By the way, the fifth film in the Howling series was called The Howling V: Rebirth (1989). The seventh was called New Moon Rising. Now it’s Reborn. How many times can a franchise reboot?
Joel Nimziki’s film, which is ostensibly the eighth film in the strangely ongoing Howling series, is out on DVD and Blu-Ray October 18th, and is clearly less driven by a need to continue the mythology from the previous seven films, and less still by a need to reboot the franchise. Indeed, The Howling as a franchise has long since been consigned to the straight-to-video ghetto where only mad completists dwell. As of this writing, I have only seen the first, second and eighth of the Howling movies, but the rest are patiently waiting on my coffee table. Very soon I will crack open a bottle of ginger beer, invite some friends over (who will summarily refuse to join me) and take in the rest. Perhaps then, I’ll be able to come up with a more meaningful context for this film.
Sadly, this eighth film is clearly driven by a need to bank in on the current trend of sexualized teenage monsters that became so hip with the inception of Twilight. In this film, the werewolves are all either shirtless douchebag thugs (complete with eyebrow piercings and killer abs) or growling supermodel types who prowl like cats but turn into gigantic wolf people at a moment’s notice. They spring about like cougars, and are never tripped up by simple things like bullets and broken glass. In this universe, it is acknowledged that the moon still has something to do with the wolfy transformation, but the werewolves all seem capable of popping back and forth from wolf monster to human at a moment’s notice. A werewolf film, I declare, lives or dies by the power of their first transformation scene (The Wolf Man, An American Werewolf in London, and the original The Howling all stand apart in this regard). If that’s our standard, The Howling Reborn is limp and dull, as the people are never seen transforming, and we don’t see any monsters until late in the film.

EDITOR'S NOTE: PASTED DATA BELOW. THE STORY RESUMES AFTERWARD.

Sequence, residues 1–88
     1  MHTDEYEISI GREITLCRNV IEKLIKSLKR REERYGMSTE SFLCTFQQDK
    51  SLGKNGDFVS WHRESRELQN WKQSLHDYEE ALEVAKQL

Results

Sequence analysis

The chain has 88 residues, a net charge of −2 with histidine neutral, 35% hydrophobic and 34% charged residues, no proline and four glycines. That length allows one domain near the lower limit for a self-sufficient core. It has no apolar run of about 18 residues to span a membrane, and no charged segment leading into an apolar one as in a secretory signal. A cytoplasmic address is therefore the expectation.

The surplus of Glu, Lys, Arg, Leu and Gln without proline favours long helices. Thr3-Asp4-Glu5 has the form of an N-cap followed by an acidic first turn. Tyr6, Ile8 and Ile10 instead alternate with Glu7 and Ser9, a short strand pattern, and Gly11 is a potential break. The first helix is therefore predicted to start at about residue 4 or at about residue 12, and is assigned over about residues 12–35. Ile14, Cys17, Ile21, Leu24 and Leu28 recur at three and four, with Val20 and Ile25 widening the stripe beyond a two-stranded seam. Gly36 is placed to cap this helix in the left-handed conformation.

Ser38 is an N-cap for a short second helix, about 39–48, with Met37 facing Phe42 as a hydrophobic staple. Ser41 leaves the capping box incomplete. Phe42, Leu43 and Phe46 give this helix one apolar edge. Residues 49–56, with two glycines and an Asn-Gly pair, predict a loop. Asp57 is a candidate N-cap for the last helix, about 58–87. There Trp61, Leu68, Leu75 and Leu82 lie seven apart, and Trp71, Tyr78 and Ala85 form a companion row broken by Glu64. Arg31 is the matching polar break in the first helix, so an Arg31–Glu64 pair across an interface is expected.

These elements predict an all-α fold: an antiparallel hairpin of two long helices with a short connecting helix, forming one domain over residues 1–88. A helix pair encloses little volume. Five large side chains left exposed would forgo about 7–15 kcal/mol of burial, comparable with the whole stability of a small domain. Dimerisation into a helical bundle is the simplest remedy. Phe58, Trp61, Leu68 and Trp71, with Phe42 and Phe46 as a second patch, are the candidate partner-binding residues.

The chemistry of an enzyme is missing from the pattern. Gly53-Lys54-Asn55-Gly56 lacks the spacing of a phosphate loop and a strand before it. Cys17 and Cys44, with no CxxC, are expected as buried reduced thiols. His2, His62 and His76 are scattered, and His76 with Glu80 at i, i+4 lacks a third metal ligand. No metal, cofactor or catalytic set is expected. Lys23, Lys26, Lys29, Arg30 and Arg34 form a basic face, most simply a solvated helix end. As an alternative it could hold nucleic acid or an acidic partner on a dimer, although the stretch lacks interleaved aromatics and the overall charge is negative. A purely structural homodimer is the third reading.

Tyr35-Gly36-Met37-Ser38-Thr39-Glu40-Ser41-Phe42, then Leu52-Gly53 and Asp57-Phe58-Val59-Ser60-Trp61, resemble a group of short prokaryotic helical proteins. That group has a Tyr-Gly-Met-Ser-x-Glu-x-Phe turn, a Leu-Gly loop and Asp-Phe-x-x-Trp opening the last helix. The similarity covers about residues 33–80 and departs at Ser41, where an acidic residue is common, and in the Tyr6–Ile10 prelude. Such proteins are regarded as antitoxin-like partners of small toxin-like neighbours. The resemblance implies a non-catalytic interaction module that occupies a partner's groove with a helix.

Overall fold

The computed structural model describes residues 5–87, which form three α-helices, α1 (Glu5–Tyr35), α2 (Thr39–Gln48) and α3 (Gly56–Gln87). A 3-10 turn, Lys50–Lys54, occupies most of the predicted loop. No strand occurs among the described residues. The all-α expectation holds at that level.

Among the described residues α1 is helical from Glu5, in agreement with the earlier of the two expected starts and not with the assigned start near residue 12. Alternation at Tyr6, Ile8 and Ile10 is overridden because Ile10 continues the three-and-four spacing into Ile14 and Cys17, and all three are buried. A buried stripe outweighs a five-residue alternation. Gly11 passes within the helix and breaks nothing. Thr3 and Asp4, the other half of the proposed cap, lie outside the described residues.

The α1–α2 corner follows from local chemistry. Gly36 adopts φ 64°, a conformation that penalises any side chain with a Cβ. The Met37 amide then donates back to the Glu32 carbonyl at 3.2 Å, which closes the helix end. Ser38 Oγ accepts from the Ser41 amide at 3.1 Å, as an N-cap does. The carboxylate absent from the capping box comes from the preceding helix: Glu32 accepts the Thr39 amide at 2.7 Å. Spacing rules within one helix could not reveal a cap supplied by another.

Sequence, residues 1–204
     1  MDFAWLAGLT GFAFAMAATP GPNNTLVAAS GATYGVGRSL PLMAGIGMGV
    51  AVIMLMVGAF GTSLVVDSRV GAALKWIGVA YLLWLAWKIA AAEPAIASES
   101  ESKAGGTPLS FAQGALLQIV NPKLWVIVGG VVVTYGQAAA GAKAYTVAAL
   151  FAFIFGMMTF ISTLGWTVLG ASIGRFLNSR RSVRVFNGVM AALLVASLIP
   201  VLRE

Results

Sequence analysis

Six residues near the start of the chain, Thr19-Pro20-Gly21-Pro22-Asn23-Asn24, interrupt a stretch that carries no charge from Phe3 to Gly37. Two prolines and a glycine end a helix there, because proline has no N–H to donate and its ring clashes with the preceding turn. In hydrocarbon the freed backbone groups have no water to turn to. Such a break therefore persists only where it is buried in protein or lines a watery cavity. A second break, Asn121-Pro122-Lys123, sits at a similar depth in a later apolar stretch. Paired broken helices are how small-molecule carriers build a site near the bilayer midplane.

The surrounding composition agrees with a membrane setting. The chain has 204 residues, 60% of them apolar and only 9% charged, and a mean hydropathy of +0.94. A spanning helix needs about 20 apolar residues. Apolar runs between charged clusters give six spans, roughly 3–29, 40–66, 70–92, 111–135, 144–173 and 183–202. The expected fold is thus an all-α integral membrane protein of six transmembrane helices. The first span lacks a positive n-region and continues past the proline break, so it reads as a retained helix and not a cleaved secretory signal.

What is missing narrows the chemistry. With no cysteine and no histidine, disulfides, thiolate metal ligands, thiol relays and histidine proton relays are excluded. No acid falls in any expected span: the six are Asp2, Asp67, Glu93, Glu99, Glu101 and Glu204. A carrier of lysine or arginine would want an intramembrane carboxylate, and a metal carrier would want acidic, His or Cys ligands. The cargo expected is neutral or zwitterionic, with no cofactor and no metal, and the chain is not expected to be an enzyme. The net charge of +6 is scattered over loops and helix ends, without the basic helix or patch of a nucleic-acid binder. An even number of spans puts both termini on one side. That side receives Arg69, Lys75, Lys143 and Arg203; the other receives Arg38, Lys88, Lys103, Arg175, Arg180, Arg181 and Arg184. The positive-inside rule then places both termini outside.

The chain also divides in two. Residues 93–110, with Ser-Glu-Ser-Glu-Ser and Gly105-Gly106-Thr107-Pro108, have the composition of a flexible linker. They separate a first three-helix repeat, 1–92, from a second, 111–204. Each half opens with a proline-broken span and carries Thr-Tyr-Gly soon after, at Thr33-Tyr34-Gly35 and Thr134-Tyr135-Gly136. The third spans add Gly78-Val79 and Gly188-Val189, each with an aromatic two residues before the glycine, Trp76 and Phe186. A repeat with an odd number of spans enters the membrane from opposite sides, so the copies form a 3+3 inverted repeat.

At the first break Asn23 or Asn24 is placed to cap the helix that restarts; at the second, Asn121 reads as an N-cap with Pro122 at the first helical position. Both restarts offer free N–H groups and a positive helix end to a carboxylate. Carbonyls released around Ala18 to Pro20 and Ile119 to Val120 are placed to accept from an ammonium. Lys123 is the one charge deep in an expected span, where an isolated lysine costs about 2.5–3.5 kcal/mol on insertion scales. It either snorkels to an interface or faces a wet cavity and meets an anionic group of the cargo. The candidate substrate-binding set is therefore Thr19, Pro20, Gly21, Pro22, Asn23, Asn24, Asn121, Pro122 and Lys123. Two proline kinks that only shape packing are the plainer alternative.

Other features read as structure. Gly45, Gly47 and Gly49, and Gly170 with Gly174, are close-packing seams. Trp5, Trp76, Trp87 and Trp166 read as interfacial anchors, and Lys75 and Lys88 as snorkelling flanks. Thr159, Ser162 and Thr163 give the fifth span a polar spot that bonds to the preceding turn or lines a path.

The rest of the film is, sometimes fortunately and sometimes unfortunately, devoted to the complex emotional relationship between its teenage protagonist Will (Landon Liboirn, featured in one of the Degrassi spinoffs) and his would-be girlfriend Eliana (Lindsey Shaw). They talk a lot about how they’re on the cusp of something really meaningful, but neither is brave enough to start in earnest. One, because she’s skittish about meaningful relationships, and two, because he’s a werewolf. Had the film focused on the honest sexual politics of teenagers (like the vastly superior 2000 werewolf film Ginger Snaps), perhaps The Howling Reborn would have flown and stood apart. Sadly, the screenwriters seem stuck on “snappy” one-liners and “hip” contemporary references, so what starts as an earnest look at teen romance soon dissolves into disposable, angsty CW-inspired soap opera dynamics. People begin saying this like “You’re just afraid to love me!” or “You’re just afraid to love anyone!” I understand that the screenwriters (Nimziki and James Robert Johnston) were going for a playful and classical Hollywood banter, but it’s not nearly witty or sparkling enough.